On the night of April 24, 2019, I became personally acquainted with a tornado up close and personal. This mighty wind did considerable damage to my house, particularly my wife’s music studio. I now wonder how tornadoes know which room of a house has the most expensive contents to zero in on. The music room had two expensive organs and a new piano, all of which sustained water damage.
In the future, I will have to remember the date of the tornado to relate the details of it to friends and family. I wonder why they don’t assign names to tornadoes like they do hurricanes. Most people remember past hurricanes such as Rita, Katrina, and Carla. Why, you ask. Because they have names which identify them. The same should be true of destructive tornadoes.
The World Meteorological Organization is responsible for assigning names to hurricanes. They began in 1953 using American female names. Apparently they were running out of female names, so in 1978 they began using male names. In 1998 they began using foreign names. The first male named hurricane was “Gilbert”. I note that today they use foreign male names as well.
I think that tornadoes should be named. Research reveals that in an average year tornadoes cause some $400 million dollars in damages in North America, and will kill 70 people. Over 1,000 tornadoes will hit the United States each year.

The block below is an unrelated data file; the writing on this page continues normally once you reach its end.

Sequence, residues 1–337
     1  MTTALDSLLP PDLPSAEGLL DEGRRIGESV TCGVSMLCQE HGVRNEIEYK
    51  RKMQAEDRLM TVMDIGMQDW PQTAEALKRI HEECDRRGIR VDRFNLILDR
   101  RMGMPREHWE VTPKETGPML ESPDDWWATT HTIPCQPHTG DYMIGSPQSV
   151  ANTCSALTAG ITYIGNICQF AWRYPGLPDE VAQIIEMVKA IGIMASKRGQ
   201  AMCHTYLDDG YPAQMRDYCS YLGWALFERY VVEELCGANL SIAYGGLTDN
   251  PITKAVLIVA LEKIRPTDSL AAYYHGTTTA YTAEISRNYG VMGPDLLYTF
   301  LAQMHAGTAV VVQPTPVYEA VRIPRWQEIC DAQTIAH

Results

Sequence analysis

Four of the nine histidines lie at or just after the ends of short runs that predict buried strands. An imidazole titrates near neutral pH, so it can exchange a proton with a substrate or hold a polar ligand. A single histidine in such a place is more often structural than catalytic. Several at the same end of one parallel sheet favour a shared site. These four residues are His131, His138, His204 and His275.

I would recommend that tornadoes be named after vicious animals and poisonous snakes. A few suggestions would be – Tornado Asp, TornadoViper, Tornado Rattler, Tornado Cotton Mouth. As for vicious animals, I recommendTornado Hyena, Tornado Lion, or Tornado Black Bear. Any of these would be appropriate names to use.
I have decided that Mother Nature will occasionally insert some levity among the destruction. Case in point – Our yard was awarded “Yard of the Month” in April by the San Augustine Garden Club. They placed an appropriate sign in our front yard. The tornado blew the sign across the road and into a vacant lot. Someone found it, brought it back, and planted it in our yard amid all the debris. Almost everyone caught the humor involved.
The morning after the storm, we kept hearing someone singing the song ”Jingle Bells”. I was unable to locate the source. Later on a visitor spied our small singing Christmas tree in the debris pile in the front yard. After hearing the song over and over, he went over and stomped it dead.
Hopefully we will be able to return to our house in a couple of months from now. It appears that the cost to repair the house will exceed its original cost.
I have decided to name this tornado “Rattler” because it rattled our senses as nothing before has done. Our cat, Maggie, is still in a catatonic state.
It appears that Tornado Rattler deposited many things from our storage buildings in White Rock, and Patroon. Chances are my power lawn mower is lodged in a pine tree somewhere in Shelby County, along with other keepsake items. We are thankful that God watched over all three of us, and we were not harmed. Good bye, and good riddance Tornado “Rattler”.